[Paolo Manuzio] - Francesco Portonari, 1562. Due opere in un volume in folio (mm 300x210); cc. 83, (1 bianca); (10), 148. Segnatura: A-X⁴; 110a-z⁶A⁶B⁴. Legatura in piena pergamena coeva con titolo manoscritto lungo il dorso, sul quale è stato aggiunto posteriormente un tassello col titolo in oro. Marca editoriale del Manuzio al frontespizio e in fine della prima opera, marca editoriale al frontespizio della seconda. Fregi ed iniziali xilografiche. Mancanza all'angolo superiore del piatto anteriore, piccoli segni di tarlo sul margine del risguardo anteriore e del primo titolo senza danno, minimi aloni marginali su poche carte, macchia alle cc. 52-53 della seconda opera, qualche lieve brunitura, ma bellissima copia di grande freschezza e dai margini molto ampi. Al titolo firma di appartenenza coeva "Carolus Thebaldus Brix."; altra firma posteriore al contropiatto. INTERESSANTE VOLUME MISCELLANEO che raccoglie vari scritti occasionali e storico-filosofici di Marco Antonio Natta. I testi contenuti nella prima opera sono tutti in prima edizione, mentre il De pulchro era già apparso a Pavia nel 1553. Nella prima opera, che si apre con un'introduzione dell'autore sugli scritti che seguono nel volume, spiccano, in particolare, il De principum doctrina, un dialogo che vede come interlocutori Alberto Carretti, Giovanni Battista e Marco Natta, in cui si discutono le caratteristiche e qualità che deve avere un principe, e il De christianorum eloquentia liber, un trattatello sull'eloquenza nell'oratoria cristiana. Il De pulchro costituisce un esaustivo trattato di stampo eminentemente platonico-cristiano sulla bellezza e l'amore, che contiene vari riferimenti all'immortalità dell'animo, al rapporto fra corpo ed anima e fra uomo ed animali, alle arti, alla scienza, alle aree geografiche del mondo e alle differenze degli uomini che le abitano, incluse le terre di recente scoperta che l'autore chiama "Pacifica terra ultra oceanum". L'autore, nacque ad Asti nei primi anni del XVI secolo, da Secondino, signore di Isola d'Asti, e da Andrietta Asinari di Cartosio. I suoi antenati paterni erano riusciti ad accrescere il prestigio del casato ponendosi al servizio dei Paleologi, marchesi del Monferrato, come giuristi. Marco Antonio frequentò l'Università di Pavia, seguendo i corsi di Francesco Corti junior, Filippo Decio, Giasone del Maino. Fu qui che, oltre ad apprendere in modo perfetto le tecniche interpretative del diritto comune, approfondì il suo latino, formandosi uno stile peculiare. Fu chiamato a ricoprire diverse magistrature e fu nominato giudice della Rota di Genova (istituita nel 1529). Seguendo la tradizione familiare di fedeltà dinastica, si mise al servizio dei Gonzaga, legittimi successori dei Paleologi. Fu nominato senatore del Senato di Casale, carica che ricoprì fino alla morte. Si impegnò anche come giurista consulente e saltuariamente nell'attività didattica Pavia. Morì a Casale il 7 settembre 1568 e fu sepolto ad Asti, nella cappella di famiglia nella collegiata di san Secondo. Svolse pure l'attività di giurista consulente, poi raccolta nei Consiliorum sive responsorum... tomi IV (Lione, I, 1558; II, 1559; III, 1567; IV, Venezia, 1572), e, saltuariamente, anche attività didattica nel 1567-68, "extra ordinem", a Pavia. Natta fu sempre cultore delle lettere e cristiano di profonda spiritualità. S'impegnò nella riflessione su temi teologici e letterari coltivati unendo l'umanesimo di stampo erasmiano alla religione e allo slancio didascalico, dottrinale e moralistico. Il suo stile peculiare trasse ispirazione da numerose suggestioni, compresa la lezione del dialogo De vero falsoque bono di Lorenzo Valla (cf. A. Lupano, Natta, Marco Antonio, in: "Dizionario Biografico degli Italiani", LXXVIII, 2013, s.v.). Edit 16, CNCE47076 e CNCE35847; Adams, N-71 e N-70..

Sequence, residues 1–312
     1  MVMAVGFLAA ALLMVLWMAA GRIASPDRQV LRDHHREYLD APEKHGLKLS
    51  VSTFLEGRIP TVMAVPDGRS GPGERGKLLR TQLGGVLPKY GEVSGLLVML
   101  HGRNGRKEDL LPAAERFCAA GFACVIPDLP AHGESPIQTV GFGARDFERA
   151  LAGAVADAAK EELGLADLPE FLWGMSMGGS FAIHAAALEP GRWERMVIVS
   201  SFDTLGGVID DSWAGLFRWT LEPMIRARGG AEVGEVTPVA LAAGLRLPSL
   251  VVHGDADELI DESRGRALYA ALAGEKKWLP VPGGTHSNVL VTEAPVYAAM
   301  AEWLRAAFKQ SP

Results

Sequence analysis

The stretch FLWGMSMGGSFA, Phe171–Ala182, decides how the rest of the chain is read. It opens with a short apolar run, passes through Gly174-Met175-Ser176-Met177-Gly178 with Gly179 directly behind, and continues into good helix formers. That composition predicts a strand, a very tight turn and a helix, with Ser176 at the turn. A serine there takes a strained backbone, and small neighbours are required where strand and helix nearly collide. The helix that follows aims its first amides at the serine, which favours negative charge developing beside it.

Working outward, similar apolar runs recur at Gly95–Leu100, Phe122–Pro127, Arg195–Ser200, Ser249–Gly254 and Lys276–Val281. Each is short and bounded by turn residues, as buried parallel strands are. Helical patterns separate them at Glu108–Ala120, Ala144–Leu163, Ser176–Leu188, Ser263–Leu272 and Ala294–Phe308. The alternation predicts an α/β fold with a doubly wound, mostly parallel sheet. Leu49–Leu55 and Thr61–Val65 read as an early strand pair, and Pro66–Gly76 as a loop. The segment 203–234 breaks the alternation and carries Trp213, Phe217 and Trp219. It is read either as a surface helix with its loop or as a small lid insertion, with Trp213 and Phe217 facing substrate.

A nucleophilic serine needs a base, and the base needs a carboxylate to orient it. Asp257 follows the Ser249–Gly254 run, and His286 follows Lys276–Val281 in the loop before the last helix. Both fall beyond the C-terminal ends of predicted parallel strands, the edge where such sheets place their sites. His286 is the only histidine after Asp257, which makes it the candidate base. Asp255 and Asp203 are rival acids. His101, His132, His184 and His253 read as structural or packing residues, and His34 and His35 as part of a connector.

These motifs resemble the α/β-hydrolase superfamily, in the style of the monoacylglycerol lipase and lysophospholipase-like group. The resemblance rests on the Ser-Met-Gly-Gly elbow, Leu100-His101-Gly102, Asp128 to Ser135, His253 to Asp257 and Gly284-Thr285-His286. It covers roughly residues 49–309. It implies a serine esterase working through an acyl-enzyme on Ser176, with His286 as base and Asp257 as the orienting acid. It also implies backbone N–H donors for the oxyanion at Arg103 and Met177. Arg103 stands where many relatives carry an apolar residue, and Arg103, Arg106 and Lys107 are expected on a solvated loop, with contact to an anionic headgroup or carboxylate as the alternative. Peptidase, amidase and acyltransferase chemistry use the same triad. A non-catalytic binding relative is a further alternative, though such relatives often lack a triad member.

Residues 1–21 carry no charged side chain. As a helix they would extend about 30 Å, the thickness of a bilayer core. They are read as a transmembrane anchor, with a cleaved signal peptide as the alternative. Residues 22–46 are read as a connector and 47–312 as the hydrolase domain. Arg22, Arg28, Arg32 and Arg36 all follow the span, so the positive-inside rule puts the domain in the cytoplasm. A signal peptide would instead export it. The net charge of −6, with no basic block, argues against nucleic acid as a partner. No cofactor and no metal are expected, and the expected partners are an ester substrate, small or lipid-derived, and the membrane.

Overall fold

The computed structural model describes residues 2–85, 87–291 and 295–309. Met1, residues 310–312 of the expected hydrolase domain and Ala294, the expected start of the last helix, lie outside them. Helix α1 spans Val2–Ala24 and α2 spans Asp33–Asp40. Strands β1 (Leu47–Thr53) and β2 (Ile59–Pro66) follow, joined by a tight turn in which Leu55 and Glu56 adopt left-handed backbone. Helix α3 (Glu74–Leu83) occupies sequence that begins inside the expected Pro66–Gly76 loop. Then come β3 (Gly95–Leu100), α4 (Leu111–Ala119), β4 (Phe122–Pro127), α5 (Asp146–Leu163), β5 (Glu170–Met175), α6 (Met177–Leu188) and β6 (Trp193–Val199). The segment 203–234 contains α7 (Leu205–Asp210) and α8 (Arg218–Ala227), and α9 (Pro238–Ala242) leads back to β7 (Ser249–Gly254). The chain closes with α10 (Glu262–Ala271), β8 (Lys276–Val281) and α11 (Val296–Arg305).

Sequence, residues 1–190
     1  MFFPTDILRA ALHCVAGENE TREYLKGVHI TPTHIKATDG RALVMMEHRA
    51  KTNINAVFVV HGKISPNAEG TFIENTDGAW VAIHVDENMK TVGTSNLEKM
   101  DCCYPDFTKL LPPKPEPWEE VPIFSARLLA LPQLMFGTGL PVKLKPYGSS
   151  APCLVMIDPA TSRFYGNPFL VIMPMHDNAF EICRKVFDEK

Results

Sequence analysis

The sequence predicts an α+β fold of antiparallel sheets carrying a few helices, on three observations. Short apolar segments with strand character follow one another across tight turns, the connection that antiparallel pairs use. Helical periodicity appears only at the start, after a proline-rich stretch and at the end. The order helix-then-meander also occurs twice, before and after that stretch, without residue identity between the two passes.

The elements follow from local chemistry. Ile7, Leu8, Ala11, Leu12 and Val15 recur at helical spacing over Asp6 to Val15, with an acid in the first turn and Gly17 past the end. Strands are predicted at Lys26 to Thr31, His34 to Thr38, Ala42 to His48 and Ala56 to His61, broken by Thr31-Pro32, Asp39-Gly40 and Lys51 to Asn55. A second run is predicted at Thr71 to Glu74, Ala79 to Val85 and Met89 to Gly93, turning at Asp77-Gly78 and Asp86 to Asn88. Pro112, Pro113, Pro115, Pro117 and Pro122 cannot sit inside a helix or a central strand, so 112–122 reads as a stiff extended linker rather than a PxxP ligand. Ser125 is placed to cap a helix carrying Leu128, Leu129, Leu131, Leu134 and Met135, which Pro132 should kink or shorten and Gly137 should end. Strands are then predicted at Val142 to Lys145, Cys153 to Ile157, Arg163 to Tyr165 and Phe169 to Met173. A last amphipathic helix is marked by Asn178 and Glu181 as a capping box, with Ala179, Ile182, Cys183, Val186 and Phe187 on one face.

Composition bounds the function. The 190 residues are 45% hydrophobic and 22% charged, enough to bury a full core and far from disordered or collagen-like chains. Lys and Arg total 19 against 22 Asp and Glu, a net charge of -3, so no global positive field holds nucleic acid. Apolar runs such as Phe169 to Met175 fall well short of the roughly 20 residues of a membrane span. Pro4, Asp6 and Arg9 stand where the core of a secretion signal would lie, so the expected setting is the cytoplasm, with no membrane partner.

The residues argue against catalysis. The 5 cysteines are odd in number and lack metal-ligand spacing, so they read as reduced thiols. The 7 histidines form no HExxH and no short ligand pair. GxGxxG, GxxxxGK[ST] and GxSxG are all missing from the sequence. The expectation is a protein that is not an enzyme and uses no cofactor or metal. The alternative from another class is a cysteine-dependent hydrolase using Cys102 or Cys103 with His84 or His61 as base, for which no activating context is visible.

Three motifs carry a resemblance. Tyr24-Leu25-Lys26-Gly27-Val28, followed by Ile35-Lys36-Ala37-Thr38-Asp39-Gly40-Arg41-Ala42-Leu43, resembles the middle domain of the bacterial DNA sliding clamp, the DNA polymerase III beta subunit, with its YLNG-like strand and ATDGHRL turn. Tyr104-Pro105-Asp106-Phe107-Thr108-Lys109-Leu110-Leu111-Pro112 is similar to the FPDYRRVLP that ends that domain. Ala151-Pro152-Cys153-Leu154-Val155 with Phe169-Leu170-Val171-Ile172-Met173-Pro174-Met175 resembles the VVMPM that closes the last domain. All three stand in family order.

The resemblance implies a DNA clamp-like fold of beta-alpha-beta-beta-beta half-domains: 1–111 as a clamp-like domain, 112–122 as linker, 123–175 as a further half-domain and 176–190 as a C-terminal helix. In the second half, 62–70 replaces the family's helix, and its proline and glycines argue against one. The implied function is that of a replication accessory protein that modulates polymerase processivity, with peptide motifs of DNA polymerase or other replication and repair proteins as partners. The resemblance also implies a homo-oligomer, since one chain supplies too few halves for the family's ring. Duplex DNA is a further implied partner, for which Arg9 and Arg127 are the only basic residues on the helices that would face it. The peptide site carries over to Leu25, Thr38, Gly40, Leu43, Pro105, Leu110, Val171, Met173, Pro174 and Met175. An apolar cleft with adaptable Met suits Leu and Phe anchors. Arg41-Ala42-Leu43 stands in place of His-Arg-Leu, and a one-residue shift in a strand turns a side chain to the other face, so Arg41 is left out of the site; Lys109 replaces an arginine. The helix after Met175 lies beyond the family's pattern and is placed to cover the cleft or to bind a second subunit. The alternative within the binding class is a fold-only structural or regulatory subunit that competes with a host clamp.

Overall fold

[Bookseller: Libreria Govi Alberto]
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        Euripides poeta, Tragicorum princeps, in Latinum sermonem conversus, adiecto e regione textu Graeco: cum annotationibus et praefationibus in omnes eius Tragoedias, autore Gasparo Stiblino. Accesserunt, Iacobi Micylli, De Euripidis vita, ex diversis autoribus collecta; item De Tragoedia & eius partibus 'prolegomena' quaedam. Item Ioannis Brodaei Turonensis Annotationes doctiss. nunquam antea in lucem editae. Ad haec, rerum & verborum toto opere praecipue memorabilium copiosus index. Cum Caes. Maiest. & Christianiss. Gallorum Regis gratia ac privilegio, ad decennium.